Strong Parliament is better than strong Government

Kier Starmer’s invitation for Natalie Elphicke to join him on the Labour benches is a dreadful piece of political opportunism. At a time when public trust in politicians is at an all-time low, welcoming an MP who was a member of the ERG and whose views have long placed her to the far right of Ghengis Khan is a staggering shot in the foot. The backlash the following morning runs from the Guardian to the Express. Few see this as the move of a statesman.

So, why has he scored this own goal? He doesn’t need her to improve Labour’s polling, and he will soon discover what a thorn in the flesh she is to any party. But he just couldn’t resist sticking the knife into Rishi Sunak and twisting it a little further. It’s pathetic. Such naiveté is troubling for anyone viewing him as a viable Prime Minister, especially for many Labour MPs and members. It will undoubtedly lose him more votes than it gains.

For the Liberal Democrats and other progressive parties, he has created an opportunity. Many centre-left voters will baulk at the idea of someone with such poor statecraft having an overwhelming majority in Parliament. For decades, the pushback against electoral reform was that proportional representation promised coalitions and ‘weak’ government. But since 2015 we have seen unassailable majority parliaments wielded like wrecking balls by a slew of dreadful Prime Ministers. Boris Johnson alone proved how dangerous unfettered majority government can be in the hands of a maniac.

Of course, the LibDems are still hampered by the residual disdain for coalition that both Labour and the Tories disseminated throughout the electorate. But it is residual and Rishi Sunak’s inept steering of Johnson’s legacy majority is much more in-your-face vote influencer.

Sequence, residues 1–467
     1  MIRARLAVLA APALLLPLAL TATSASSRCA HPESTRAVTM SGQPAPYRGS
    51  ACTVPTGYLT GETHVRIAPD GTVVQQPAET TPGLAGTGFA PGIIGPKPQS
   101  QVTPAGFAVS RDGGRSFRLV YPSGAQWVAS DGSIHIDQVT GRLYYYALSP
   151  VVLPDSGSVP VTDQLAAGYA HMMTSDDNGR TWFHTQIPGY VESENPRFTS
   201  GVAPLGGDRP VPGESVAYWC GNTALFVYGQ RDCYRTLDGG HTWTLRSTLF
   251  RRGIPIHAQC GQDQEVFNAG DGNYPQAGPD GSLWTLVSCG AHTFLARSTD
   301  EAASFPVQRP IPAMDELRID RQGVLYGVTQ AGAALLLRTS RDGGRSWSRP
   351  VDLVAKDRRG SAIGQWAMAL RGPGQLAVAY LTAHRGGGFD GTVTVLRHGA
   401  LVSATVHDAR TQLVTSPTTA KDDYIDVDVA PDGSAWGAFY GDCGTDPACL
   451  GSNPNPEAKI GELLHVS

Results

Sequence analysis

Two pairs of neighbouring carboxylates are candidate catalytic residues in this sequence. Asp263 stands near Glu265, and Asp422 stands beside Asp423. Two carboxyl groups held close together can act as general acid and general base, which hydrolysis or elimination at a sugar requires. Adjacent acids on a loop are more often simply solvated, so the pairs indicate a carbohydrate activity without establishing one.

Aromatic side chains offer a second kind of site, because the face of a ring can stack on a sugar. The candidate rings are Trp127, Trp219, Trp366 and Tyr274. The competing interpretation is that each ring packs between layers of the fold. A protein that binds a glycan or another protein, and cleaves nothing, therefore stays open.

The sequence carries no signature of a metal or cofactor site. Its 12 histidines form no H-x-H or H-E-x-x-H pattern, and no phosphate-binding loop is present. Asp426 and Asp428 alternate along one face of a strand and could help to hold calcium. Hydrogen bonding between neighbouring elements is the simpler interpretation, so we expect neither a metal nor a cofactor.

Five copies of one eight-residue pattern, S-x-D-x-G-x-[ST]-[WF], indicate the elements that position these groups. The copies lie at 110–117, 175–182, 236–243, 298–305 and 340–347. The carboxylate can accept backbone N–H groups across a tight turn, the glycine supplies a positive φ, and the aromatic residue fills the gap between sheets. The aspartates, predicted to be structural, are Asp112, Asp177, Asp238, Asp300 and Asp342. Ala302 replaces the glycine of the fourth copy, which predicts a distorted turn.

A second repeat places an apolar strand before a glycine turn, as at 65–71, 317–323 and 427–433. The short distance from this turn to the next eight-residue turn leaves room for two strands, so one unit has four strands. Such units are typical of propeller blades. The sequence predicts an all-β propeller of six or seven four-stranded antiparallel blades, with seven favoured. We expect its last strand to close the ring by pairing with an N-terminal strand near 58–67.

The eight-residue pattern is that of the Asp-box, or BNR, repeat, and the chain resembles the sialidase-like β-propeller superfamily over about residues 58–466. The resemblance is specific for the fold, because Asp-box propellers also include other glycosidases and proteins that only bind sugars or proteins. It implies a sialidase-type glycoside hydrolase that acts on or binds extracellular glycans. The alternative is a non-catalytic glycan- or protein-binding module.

The path the LibDems must surely follow now is one of vision, maturity and common sense. Whatever the Jenricks, Bravermans, Andersons, Tices and Farages, or even the Corbyns may think, the majority of British people are centrist – that’s why it’s called the centre. They want change, indeed they may be desperate for it, but they don’t want more ideology forced upon them.

Most now see that what we’d said about Brexit was true. Many recognise that the UK’s global influence has been diminished. From the NHS to housing, education to policing, cost of living to corruption, British people are crying out for real, meaningful change of direction. But while many will simply turn to Labour, as Starmer attempts to portray himself as Blair 2, his actions this week will make many think twice. They will want to temper Labour’s wilder fantasies with an opposition that doesn’t block policies out of pique, but that makes government think things through, much as that last bastion, the House of Lords has been left to do for 10 years.

On the doorsteps, when people suggest a vote for the LibDems is a wasted vote, we now have a strong argument – You’ve had a decade of government that does whatever it wants because it couldn’t lose a vote. Whether it’s the Tories or Labour, do you want more of that? Really?